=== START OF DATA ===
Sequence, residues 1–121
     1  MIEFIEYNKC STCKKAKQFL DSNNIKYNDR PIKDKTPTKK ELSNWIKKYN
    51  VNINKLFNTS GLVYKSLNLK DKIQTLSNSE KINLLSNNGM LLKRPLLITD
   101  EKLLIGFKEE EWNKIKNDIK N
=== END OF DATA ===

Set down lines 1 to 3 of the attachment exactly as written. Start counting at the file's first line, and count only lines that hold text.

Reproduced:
Sequence, residues 1–121
     1  MIEFIEYNKC STCKKAKQFL DSNNIKYNDR PIKDKTPTKK ELSNWIKKYN
    51  VNINKLFNTS GLVYKSLNLK DKIQTLSNSE KINLLSNNGM LLKRPLLITD